infoboxmainAmazing as it is, you won’t want to keep your presentations locked up in Keynote forever. You might be looking for the best way to create a hard copy of your slides, so you can rehearse using them, or you might be looking to collaborate with someone who is using that other well-known presentation app. Fortunately, Keynote’s got you covered.

Not only can you export your presentation as a PPT, PDF or series of JPGs, you can even export it as a QuickTime video, either as a self-playing video with a set number of seconds between each slide or as a slideshow recording that you make yourself, pacing the presentation as you see fit. We’re going to run through all these options for you, so you can focus on your presentation without worrying about the logistics.



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By Tatiana Estévez

Bullet points are lists of items or short statement points. They are not supposed to be full sentences, at least not when used in PowerPoint. The traditional style of formatting bullet points is to finish each line item with a comma or hyphen, and the last bullet to have a full stop.

My favourite things to do on Quora are:

  • Answering questions;
  • Discussing answers in comments;
  • Writing blog posts; and
  • Collapsing joke answers.

This is considered a bit old fashioned and many companies prefer the style of ‘open punctuation’ for PowerPoint slides. I wouldn’t allow the above in my documents and will take it out if someone tries to do this.

Generally there is no real rule and you can write the above either with full stops or without as long it is consistent:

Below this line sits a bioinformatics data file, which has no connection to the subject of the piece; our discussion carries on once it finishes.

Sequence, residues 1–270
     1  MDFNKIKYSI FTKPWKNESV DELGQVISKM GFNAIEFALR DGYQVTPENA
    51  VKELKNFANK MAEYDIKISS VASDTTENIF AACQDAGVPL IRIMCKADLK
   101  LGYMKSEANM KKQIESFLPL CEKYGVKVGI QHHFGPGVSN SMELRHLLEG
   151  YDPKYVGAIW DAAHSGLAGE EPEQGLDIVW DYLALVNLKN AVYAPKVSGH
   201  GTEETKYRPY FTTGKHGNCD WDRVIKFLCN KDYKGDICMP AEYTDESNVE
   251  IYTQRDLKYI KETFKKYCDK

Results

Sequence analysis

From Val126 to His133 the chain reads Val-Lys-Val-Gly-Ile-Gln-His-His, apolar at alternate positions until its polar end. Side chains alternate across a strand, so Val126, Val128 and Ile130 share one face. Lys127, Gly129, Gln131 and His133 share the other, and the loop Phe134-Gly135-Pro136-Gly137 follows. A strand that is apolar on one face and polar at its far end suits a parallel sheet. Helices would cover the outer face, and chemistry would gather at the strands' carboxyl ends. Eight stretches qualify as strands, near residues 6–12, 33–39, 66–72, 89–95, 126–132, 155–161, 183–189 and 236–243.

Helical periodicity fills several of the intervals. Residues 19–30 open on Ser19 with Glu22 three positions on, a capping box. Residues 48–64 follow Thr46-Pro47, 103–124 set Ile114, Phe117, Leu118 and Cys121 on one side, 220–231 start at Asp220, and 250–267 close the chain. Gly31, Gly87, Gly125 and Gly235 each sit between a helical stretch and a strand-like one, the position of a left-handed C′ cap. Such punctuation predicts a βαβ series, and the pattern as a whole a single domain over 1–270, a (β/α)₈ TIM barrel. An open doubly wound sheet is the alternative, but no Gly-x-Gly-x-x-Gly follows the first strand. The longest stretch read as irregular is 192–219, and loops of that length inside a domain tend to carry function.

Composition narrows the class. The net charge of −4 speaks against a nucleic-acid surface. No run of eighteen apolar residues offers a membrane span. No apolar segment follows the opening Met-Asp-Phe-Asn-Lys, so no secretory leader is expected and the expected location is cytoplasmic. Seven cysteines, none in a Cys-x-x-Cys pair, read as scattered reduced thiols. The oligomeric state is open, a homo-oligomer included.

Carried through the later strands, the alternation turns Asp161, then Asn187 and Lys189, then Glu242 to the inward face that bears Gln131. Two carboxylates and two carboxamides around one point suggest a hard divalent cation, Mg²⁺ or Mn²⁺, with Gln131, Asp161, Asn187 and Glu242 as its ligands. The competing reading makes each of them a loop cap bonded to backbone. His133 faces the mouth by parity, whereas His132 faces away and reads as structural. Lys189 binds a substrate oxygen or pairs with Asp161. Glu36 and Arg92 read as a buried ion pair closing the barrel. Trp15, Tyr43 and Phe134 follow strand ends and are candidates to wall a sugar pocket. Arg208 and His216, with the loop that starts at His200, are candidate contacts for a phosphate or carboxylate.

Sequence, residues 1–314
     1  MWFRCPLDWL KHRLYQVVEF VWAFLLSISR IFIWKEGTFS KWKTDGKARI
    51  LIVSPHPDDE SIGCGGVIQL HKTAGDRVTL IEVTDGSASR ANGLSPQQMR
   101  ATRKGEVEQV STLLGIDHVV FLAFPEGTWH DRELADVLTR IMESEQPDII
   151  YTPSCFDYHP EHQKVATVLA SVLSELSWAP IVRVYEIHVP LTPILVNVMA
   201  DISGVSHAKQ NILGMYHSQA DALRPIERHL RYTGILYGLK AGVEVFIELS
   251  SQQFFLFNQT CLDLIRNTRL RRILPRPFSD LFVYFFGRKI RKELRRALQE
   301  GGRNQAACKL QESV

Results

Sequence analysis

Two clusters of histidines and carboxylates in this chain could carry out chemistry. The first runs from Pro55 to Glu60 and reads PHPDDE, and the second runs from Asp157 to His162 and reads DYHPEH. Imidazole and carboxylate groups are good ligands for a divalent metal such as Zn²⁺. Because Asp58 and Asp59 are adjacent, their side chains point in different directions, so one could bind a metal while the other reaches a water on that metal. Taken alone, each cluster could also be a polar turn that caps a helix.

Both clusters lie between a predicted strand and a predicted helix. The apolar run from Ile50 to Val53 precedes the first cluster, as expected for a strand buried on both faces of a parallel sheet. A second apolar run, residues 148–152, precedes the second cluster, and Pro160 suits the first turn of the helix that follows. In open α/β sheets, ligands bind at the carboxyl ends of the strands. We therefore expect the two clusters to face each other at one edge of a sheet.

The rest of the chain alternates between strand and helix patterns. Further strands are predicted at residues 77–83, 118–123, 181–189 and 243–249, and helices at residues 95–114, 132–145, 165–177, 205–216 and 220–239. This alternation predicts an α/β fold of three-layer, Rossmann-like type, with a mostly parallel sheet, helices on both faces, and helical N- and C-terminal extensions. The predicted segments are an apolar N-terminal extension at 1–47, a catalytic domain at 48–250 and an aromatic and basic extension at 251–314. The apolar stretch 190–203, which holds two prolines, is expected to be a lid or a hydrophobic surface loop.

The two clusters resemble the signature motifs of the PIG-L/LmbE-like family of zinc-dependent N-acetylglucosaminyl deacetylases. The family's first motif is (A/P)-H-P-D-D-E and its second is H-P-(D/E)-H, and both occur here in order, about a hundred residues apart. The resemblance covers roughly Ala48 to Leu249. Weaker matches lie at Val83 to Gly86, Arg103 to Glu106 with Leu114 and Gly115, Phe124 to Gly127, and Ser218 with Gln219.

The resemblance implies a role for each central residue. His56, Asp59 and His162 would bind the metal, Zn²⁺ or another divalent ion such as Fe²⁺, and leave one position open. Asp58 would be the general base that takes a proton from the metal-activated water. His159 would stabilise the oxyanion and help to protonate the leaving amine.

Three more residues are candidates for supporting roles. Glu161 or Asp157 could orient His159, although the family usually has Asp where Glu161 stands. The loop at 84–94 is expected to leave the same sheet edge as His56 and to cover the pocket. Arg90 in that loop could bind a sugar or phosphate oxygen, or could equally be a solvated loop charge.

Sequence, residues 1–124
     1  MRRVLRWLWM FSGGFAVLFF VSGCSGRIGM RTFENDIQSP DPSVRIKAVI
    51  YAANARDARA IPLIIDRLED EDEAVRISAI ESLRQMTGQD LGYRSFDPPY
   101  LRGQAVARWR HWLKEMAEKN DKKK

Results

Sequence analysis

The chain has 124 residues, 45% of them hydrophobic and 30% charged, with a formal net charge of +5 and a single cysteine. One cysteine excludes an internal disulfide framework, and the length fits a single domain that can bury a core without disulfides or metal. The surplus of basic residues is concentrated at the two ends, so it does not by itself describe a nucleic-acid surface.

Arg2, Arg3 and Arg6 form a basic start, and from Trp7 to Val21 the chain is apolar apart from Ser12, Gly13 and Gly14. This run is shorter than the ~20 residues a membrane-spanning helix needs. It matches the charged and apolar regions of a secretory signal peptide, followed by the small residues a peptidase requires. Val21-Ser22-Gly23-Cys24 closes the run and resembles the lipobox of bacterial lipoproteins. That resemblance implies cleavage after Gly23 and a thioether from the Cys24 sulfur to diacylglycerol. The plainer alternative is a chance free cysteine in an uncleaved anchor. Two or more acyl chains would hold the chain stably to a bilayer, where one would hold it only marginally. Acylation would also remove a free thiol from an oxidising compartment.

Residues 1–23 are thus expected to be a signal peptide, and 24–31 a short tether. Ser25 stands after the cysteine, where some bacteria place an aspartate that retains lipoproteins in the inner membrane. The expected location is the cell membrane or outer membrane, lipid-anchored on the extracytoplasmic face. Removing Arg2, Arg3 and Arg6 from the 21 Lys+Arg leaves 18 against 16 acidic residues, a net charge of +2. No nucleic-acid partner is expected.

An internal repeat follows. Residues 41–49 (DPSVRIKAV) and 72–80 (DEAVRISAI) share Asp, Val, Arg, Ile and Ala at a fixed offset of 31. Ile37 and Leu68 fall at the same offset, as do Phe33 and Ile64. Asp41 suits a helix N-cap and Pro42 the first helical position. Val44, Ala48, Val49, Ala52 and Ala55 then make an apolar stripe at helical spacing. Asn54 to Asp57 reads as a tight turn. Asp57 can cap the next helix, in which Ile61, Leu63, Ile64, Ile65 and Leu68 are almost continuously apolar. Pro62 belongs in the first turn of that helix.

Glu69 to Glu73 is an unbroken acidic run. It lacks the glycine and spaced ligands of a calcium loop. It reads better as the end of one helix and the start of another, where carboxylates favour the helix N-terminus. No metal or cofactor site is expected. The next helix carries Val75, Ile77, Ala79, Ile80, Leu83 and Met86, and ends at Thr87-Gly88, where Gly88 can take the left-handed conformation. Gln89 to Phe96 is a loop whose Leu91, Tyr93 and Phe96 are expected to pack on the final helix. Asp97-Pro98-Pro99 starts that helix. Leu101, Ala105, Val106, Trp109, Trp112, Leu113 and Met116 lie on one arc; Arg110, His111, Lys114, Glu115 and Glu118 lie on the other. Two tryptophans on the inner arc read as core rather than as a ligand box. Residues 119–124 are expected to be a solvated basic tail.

Oxford Dictionaries says:

Bullet points are used to draw attention to important information within a document so that a reader can identify the key issues and facts quickly. There are no fixed rules about how to use them, but here are some guidelines.

Source: http://www.oxforddictionaries.co…

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Facebook is no longer new, nor are the unspoken rules of engagement. Really when you think about it, all the rules of social media are just plain common sense. And yet on a daily basis, Facebook users are pestered, poked, and plagued by people who just don’t seem to get it.

No more excuses people – it’s time to GET IT! Pleading newbie and playing dumb doesn’t cut it anymore. Take a hint from the people who delete your spam posts on their walls, quietly remove photo tag after annoying photo tag, or leave the group you created for the sole purpose of promoting your business, and STOP doing what you are doing! Just STOP. Please.

7 Ways to Get Unfriended on Facebook…IMMEDIATELY
(In no particular order of annoyance)